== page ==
Compare what happened in Germany. The revolutionary left there had in Rosa Luxemburg as outstanding a leader as Lenin. What they lacked was a party. Rosa Luxemburg and her supporters in the Spartacus League remained part of the reformist Social Democratic Party even after it had supported the First World War. They left only when they were expelled in 1917. Luxemburg then founded the German Communist Party, on the Bolshevik model, in December 1918, after the revolution had broken out.

This was too late. The reformists dominated the workers’ and soldiers’ councils. The Social Democratic premier, Friedrich Ebert, struck a deal with General Groener of the General Staff to crush the revolutionary left. Tens of thousands of workers had been radicalised by the revolution but lacked any effective leadership. It was easy for the right wing to provoke an unsuccessful revolutionary rising in January 1919 and then slaughter the Spartacists. Luxemburg was the chief victim of this massacre, even though she opposed the rising.

The same pattern has been repeated again and again since 1918–9. Let’s just take the most recent case, that of Poland in 1980–1. The Polish workers were prepared to take action against the regime and set up their own independent organisation, Solidarity. They were still, however, heavily influenced by the past.

The most important of these influences was the Catholic Church, the one institution in Poland independent of the state. Lech Walesa and the ‘moderate’ wing of the Solidarity leadership were largely guided by the advice they received from the church, which said they should seek a compromise with the regime. Unfortunately, within Solidarity there was no revolutionary organisation capable of presenting a coherent alternative based on the strength of the working class to overthrow the state. Walesa’s strategy led, as every reformist strategy must, to defeat.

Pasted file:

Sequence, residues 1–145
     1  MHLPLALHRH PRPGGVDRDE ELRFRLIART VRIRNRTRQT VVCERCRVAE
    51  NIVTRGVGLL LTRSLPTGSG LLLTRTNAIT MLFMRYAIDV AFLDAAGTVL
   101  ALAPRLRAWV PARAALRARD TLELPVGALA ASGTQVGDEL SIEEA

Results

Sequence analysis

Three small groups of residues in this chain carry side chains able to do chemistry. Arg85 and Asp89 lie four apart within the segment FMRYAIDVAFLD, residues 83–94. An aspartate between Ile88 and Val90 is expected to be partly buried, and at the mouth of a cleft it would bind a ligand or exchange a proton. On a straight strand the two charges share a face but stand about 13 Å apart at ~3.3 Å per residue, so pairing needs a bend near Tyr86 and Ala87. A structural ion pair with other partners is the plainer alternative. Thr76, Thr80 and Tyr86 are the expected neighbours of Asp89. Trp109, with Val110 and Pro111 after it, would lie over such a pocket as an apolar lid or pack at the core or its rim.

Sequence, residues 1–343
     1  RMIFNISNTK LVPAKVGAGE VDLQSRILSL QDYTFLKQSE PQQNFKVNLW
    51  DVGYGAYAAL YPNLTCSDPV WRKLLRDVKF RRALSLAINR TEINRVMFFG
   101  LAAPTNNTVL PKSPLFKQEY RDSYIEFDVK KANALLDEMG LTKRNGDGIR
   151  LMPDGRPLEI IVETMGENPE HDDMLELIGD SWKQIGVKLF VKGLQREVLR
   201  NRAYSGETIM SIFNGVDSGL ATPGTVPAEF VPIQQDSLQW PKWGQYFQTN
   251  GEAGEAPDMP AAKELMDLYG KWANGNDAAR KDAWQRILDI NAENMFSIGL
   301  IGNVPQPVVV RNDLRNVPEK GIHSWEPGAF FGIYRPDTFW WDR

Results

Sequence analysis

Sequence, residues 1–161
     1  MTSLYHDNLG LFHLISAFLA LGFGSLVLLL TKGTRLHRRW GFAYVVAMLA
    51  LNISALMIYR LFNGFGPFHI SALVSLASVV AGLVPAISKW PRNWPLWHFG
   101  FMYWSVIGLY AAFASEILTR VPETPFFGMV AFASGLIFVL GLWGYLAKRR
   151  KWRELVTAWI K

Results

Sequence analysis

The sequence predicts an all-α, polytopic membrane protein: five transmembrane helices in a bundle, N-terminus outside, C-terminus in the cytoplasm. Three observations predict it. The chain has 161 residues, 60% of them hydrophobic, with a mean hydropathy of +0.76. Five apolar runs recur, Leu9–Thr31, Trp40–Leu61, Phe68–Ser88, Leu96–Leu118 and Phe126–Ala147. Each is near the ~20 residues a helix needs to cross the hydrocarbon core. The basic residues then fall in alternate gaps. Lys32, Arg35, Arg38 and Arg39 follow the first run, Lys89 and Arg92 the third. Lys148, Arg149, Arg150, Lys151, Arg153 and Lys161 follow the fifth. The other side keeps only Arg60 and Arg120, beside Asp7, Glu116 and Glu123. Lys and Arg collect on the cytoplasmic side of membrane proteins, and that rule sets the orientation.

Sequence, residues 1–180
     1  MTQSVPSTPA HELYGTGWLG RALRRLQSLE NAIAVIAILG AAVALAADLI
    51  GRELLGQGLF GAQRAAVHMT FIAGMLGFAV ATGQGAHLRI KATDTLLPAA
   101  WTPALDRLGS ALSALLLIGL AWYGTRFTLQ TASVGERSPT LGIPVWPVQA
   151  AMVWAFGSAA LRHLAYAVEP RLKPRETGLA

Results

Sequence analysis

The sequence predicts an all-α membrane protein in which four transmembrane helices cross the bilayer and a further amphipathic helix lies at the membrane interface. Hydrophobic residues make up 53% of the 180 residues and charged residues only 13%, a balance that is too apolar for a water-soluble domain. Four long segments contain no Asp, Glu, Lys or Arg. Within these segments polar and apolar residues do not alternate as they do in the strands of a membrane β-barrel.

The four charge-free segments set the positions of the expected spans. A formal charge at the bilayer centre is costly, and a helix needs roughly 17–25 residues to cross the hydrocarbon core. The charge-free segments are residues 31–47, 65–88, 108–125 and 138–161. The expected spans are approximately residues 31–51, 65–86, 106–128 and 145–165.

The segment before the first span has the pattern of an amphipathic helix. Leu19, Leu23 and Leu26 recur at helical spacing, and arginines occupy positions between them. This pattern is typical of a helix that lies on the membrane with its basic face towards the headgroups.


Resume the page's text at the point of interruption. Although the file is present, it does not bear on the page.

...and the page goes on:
A revolutionary party is a necessary condition of any successful revolution. But it’s important to understand what a revolutionary party is, and what it is not.

In the first place, the party is no substitute for the working class itself. The baneful influence of Stalin’s perversion of Marxism (of which more in the next chapter) has meant that the idea of ‘The Party’ casts up images of an infallible, all-seeing monolith which makes the revolution for the working class.

Such a conception of the party is, of course, completely at odds with Marx’s idea of socialism as the self-emancipation of the working class. It is the spontaneous action of workers which creates revolutionary situations with the potential for socialism. What the party seeks to do is to render this movement conscious, and to direct its energies to the goal of wresting power from the capitalist class.

In the words of Leon Trotsky, who was with Lenin the main leader of the Bolshevik revolution: ‘Without a guiding organisation the energy of the masses would dissipate like steam not enclosed in a piston-box. But what moves things is not the piston or the box, but the steam.’

Secondly, revolutionaries do not, even in revolutionary situations, spend their time running around with guns and bombs. Their task is rather ‘patiently to explain’ to workers the necessity of revolution. The chief battle they fight is one of ideas, the struggle to break the hold of the past, of conservative traditions on the majority of workers.